John Andrist: Stop Throwing Tantrums

This week I’m asking you to think about the word tantrum.

Remember? We used tantrums when we were kids, and most of us saw them repeated in the process of rearing our own children.

Tantrums aren’t based on logic and reasoning. They are simply rants aimed at something we don’t like. Today’s protests are mostly rants and tantrums.

When written into our Bill of Rights our founders talked about the right to “petition the government for a redress of grievances”.

They put it there as a personal protection, perhaps not even imagining an age of professional protesters using it as a tantrum tool.

Few protests today seek a redress of grievances or even a change in public policy. They are simply tantrums. They create little change, while fomenting a lot of violence.

Hundreds of protestors in Minneapolis and in many other cities blocked highway traffic in the post election days last week.

[mks_pullquote align=”left” width=”300″ size=”24″ bg_color=”#ffffff” txt_color=”#000000″]Few protests today seek a redress of grievances or even a change in public policy. They are simply tantrums. They create little change, while fomenting a lot of violence.[/mks_pullquote]

They wouldn’t have been there if their candidate had won. They were simply angry at the result.

In Fargo they had a much more peaceful gathering, but again, it was not about the law and its administration. They were “grieving protests” according to media reports.

In the long months of the Dakota Access Pipeline protest the judge who heard the tribe’s case for an injunction said there was no credible evidence that the law was circumvented, nor that any shortcuts were taken. It has all simply been a Facebook orchestrated rant.

Even people in high places, including the Minneapolis Tribune, have thrown an editorial tantrum, totally ignoring details of the law,  and placing any responsibility for violence on the police and the governor. They are responsible? Give us a break!

State government and law enforcement only got involved out of intent to avert violence. They have shown remarkable, if not perfect, response and composure.

And it has cost North Dakota taxpayers some $10 million to try preserve the peace.

The Standing Rock Tribal Council, which started it all, has been irresponsible from the get-go, because of their attempt to do an end run around the law and the process — in which they refused to participate.

For what purpose? Just for an opportunity to rant and to get their tribal chairman into the oval office?

By the time the protesters finally pack it in the reservation will be getting their fresh water some 90 miles downstream from the pipeline crossing point, which they have portrayed as “right next door”.

How many dozens of protests in America — far from peaceful — have resulted from police killings of blacks? Have there been any protests for police taking out a white person?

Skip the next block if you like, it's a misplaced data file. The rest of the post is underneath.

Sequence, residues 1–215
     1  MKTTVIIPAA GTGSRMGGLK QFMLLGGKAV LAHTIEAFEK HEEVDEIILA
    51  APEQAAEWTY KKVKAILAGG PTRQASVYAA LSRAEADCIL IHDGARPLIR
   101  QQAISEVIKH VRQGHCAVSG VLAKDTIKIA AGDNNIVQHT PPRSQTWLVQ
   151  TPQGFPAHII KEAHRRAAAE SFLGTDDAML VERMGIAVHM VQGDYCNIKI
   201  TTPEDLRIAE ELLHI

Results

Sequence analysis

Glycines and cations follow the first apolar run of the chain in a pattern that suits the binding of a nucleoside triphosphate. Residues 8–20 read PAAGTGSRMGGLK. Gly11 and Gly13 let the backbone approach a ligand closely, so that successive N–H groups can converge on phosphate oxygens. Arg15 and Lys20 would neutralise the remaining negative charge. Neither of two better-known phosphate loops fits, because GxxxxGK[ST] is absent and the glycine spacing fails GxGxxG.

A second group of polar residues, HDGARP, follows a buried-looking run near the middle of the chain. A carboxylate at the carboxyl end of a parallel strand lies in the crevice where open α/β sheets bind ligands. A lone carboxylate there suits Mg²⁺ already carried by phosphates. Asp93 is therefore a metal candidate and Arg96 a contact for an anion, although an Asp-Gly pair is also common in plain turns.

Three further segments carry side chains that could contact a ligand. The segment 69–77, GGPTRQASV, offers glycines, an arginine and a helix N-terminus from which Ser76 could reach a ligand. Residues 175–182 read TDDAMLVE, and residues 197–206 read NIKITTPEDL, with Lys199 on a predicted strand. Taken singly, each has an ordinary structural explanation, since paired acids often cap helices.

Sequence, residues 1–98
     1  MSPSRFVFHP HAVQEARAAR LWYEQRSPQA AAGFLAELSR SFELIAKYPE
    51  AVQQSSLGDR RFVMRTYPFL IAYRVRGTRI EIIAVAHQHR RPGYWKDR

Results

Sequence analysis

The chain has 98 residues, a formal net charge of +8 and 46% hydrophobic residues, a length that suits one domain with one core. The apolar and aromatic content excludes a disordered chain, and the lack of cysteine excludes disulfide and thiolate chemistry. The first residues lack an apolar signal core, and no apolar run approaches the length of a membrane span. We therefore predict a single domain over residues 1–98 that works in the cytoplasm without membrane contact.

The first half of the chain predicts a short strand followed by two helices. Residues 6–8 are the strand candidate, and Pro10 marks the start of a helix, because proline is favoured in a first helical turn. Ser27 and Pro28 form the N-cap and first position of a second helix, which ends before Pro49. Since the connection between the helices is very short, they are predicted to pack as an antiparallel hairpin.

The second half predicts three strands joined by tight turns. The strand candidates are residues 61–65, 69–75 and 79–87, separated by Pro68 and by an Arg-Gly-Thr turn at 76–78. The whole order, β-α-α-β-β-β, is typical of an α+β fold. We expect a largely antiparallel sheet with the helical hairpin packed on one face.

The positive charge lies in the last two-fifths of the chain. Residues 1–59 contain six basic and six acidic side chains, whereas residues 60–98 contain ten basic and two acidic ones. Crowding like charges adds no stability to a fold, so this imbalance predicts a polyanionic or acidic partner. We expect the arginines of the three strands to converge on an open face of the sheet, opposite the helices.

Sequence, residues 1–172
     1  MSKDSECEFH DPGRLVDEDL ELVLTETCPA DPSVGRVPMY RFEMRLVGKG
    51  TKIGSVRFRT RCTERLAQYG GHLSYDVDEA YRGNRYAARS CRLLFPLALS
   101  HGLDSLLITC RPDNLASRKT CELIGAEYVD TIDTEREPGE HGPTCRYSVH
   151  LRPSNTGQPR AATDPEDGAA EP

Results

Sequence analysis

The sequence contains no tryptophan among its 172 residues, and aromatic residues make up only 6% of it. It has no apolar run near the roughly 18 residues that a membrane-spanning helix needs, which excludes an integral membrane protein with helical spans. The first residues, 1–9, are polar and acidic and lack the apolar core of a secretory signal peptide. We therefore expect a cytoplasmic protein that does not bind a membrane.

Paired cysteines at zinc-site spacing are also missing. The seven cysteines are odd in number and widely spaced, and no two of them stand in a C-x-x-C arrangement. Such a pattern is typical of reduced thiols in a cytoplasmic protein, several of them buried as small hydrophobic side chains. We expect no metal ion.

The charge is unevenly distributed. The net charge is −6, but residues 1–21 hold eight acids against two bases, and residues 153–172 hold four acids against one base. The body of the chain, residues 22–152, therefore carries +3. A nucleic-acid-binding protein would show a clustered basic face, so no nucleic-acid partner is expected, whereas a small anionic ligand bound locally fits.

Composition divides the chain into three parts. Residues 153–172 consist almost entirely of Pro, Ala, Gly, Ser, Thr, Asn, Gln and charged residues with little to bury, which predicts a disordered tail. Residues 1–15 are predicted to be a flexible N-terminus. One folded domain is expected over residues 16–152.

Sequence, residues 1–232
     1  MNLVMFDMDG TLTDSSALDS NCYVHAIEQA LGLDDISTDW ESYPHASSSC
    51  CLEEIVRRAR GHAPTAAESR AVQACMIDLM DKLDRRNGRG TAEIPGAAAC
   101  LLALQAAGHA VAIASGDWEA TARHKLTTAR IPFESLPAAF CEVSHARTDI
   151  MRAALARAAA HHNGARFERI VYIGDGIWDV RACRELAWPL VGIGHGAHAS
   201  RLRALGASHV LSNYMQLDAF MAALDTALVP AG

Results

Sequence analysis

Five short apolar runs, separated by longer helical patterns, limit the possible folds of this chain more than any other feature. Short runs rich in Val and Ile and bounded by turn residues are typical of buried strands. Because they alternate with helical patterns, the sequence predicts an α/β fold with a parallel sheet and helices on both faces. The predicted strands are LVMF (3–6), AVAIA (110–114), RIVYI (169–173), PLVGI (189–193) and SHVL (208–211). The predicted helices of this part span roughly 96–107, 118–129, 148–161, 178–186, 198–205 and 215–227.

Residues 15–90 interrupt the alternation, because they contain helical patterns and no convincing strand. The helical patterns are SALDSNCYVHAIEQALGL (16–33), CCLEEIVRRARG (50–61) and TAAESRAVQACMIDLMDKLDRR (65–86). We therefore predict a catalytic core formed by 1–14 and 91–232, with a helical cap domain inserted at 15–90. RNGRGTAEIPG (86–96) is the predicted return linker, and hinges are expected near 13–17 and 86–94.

Even more important, have there been police killings of anyone, black or white, who was obeying police commands?

[mks_pullquote align=”right” width=”300″ size=”24″ bg_color=”#ffffff” txt_color=”#000000″]It’s not a perfect world, but we can get a whole lot closer by constructively trying to make changes for the things we covet, than we can from simply throwing tantrums when we don’t get our own way.[/mks_pullquote]

It’s not a perfect world, but we can get a whole lot closer by constructively trying to make changes for the things we covet, than we can from simply throwing tantrums when we don’t get our own way.

One of the great traditions in America is our history of peaceful transition in our chain of command.

They say it didn’t always exist. It was started by a somewhat brash upstart Democrat president named Harry Truman.

When President Eisenhower was elected in 1952, Truman invited him to join him for a helpful briefing, even though the two hated each other. Truman saw the need to explain from an insiders perspective how things work.

Truman understood, because he had been thrust into the presidency by the death of President Roosevelt at a crucial point in World War II, and because Roosevelt didn’t like him, he provided no preparation help. He wouldn’t even include Truman in cabinet meetings.

Truman wanted to change  that. And every president since has assisted his successor.

In one of his finest moments President Obama observed that tradition by opening the White House doors to President elect Trump.

Truman was perhaps one of our worst prepared presidents, but became a pretty remarkable leader by following his own gut.

Do we dare to hope Trump can do the same? Or should we just keep throwing tantrums?

Rob Port is the editor of SayAnythingBlog.com, a columnist for the Forum News Service, and host of the Plain Talk Podcast which you can subscribe to by clicking here.

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